OK, I've been to this area several times before during my DOD Civil Servant days working for the Navy. And I have seen Mt Rainier several times as well, even on a previous trip in our coach three years ago. But I gotta say, I just never get tired of watching that spectacle. It is so mesmerizing. You will see it again I'm afraid, in this blog, as well as our Mt Rainier blog yet to be published.
We left Camp Rilea Wednesday morning June 10 headed for Camp Murray on the huge Joint Base Lewis-McCord in the Lakewood-Tacoma area and the US Open. We were scheduled to work the Open the following week but wanted to get there early to scope out a little of the Seattle area. It is a very large metropolitan area with several surrounding cities and burbs with a population of over 4 million.
Above, is a our first evening at Camp Murray on the beach of American Lake. What an invite to the area.
We took an overnight trip into Vancouver on Friday and spent the night in Chilliwack, BC. Nothing really interesting here except that there are lots of raspberry and blueberry farms.
Above, a very good band was playing in downtown Seattle one day when we visited the Klondike Gold Rush Museum, but more on both in the Klondike blog, yet to be published.
We did, upon recommendations from other folks, visit the Boeing Museum of Flight, and the place where they make their airliners (all except the 737 which is at their Renton, WA plant). Look at the size of the world's most powerful jet engine, a GE behemoth.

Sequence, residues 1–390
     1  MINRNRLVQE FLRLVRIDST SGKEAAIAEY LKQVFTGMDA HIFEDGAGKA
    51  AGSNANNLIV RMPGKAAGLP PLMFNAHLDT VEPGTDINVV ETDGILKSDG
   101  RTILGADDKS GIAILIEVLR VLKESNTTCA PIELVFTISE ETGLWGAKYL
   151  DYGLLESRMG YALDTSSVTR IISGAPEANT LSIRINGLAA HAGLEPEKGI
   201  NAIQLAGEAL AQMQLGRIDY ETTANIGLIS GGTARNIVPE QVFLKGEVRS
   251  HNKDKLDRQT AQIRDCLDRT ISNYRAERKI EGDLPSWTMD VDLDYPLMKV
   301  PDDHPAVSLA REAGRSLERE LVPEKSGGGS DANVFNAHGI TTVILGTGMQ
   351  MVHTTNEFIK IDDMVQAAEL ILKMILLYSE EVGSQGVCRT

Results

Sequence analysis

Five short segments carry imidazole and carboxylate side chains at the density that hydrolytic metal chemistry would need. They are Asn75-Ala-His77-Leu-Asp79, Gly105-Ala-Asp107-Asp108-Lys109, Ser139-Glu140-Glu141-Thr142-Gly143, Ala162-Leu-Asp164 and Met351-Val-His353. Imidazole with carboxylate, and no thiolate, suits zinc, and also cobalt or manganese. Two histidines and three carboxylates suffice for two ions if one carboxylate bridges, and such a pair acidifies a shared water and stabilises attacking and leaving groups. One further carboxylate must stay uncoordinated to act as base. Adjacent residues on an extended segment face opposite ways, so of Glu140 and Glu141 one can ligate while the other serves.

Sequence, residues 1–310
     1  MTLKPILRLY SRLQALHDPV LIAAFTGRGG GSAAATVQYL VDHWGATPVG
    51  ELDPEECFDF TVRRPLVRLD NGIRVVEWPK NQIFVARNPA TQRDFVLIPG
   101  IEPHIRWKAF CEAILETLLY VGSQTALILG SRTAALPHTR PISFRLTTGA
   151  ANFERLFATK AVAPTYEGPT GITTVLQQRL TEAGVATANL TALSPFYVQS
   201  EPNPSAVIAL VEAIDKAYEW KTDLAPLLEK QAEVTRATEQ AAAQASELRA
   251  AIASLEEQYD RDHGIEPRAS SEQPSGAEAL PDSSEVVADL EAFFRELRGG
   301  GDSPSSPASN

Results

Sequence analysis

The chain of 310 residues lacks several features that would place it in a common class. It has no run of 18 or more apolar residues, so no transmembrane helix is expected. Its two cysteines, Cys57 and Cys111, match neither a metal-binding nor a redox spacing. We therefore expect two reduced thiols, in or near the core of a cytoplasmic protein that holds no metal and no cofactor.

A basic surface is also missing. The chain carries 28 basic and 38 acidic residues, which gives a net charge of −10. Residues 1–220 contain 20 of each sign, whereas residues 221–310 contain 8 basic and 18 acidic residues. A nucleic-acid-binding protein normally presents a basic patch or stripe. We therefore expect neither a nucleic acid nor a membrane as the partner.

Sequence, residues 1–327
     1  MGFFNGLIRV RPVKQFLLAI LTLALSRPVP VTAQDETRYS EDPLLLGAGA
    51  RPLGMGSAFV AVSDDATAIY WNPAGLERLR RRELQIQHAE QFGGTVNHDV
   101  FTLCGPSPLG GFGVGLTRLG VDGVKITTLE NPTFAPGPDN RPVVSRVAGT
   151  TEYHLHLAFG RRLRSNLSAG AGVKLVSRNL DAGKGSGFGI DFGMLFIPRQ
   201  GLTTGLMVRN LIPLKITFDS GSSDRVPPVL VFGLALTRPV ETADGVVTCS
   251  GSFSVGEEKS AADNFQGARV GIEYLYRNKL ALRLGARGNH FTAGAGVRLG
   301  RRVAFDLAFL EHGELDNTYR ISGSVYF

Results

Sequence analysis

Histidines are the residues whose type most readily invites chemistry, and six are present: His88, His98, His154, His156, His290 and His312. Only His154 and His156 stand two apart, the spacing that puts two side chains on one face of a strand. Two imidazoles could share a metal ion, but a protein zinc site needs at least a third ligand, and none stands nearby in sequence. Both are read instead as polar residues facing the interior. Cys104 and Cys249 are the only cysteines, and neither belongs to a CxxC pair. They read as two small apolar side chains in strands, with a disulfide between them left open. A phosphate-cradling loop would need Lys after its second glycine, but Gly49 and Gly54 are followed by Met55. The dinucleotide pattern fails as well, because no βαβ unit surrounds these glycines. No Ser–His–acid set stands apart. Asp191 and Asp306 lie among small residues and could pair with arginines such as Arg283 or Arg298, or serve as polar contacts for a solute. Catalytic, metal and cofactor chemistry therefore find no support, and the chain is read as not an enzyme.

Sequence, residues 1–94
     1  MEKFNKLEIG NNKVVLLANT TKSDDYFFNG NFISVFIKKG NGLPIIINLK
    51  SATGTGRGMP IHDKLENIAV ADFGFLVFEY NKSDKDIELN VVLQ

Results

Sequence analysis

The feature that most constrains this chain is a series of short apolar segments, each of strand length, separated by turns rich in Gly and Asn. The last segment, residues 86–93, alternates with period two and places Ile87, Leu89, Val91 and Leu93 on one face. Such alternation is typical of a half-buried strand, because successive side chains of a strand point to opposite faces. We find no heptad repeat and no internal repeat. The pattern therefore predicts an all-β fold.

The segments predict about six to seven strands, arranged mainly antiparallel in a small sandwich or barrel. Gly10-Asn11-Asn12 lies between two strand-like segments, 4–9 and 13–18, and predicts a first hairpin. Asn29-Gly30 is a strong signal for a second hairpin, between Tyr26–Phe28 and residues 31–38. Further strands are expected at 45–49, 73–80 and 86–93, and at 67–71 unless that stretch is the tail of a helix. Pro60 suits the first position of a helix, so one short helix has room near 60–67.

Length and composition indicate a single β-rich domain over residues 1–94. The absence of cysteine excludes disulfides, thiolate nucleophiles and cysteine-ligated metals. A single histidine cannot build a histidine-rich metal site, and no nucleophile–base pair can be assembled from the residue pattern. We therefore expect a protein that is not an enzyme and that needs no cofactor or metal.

From Wiki: The General Electric GE90 is a family of high-bypass turbofan aircraft engines built by GE Aviation for the Boeing 777, with thrust ratings ranging from 74,000 to 115,000 lbf (330 to 510 kN). It entered service in November 1995. Currently the world’s largest turbofan engine, it is one of three options for the 777-200, -200ER, and -300, and the exclusive engine of the -200LR, -300ER, and 777F.
The museum was a little interesting, but the factory tour where the workers are actually putting together these cargo and passenger giants was the real deal. Unfortunately, cameras and cell phones were not allowed AT ALL. We all had to walk thru detectors. They take this seriously.
So the pics here are of the museum, not the tour. Our guide was very informative and it lasted about 90 minutes. We saw all the parts of the factories all of their --7 series planes under construction. Wow!
747's run about $365 million, BEFORE you select which engines you desire. And February sales of 23 of these behemoths had seven going to private individuals. $$$ people...
Impressive: 115,000 ft lbs of thrust!
Above, Dreamliner! From Wiki: The aircraft's initial designation was the 7E7, prior to its renaming in January 2005. The first 787 was unveiled in a roll-out ceremony on July 8, 2007 (7/8/07) at Boeing's factory in Everett, Washington. Development and production of the 787 has involved a large-scale collaboration with numerous suppliers worldwide. Final assembly takes place at the Boeing Everett Factory in Everett, Washington, and at the Boeing South Carolina factory in North Charleston, South Carolina. Originally planned to enter service in May 2008, the project experienced multiple delays. The airliner's maiden flight took place on December 15, 2009, and completed flight testing in mid-2011.
Above and below, aircraft in final stages awaiting final paint schemes to be applied and then final flight tests prior to customer pick up. Huge parties are given for each delivery.
Well, that's about it for this chapter of blogs from this area of Washington State. We have been here since June 10 and today's date is July 11, so we have a lot to share. There really is a lot to see here.
So, till the next blog, RVing Beach Bums signing off. This blog published from Lakewood, WA Panera Bread on July 11, 2015.